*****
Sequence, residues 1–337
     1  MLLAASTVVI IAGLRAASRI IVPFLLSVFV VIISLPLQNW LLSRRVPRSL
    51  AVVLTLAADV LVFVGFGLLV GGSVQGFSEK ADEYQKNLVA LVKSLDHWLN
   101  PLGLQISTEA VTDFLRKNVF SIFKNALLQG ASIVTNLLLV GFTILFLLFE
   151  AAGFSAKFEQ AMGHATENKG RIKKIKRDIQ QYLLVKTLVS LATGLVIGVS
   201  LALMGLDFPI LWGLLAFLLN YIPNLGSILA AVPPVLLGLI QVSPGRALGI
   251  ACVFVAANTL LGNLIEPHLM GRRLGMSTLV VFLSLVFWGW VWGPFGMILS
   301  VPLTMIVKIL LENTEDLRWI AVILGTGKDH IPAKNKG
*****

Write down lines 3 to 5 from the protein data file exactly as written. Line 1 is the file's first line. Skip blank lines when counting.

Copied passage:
    51  AVVLTLAADV LVFVGFGLLV GGSVQGFSEK ADEYQKNLVA LVKSLDHWLN
   101  PLGLQISTEA VTDFLRKNVF SIFKNALLQG ASIVTNLLLV GFTILFLLFE
   151  AAGFSAKFEQ AMGHATENKG RIKKIKRDIQ QYLLVKTLVS LATGLVIGVS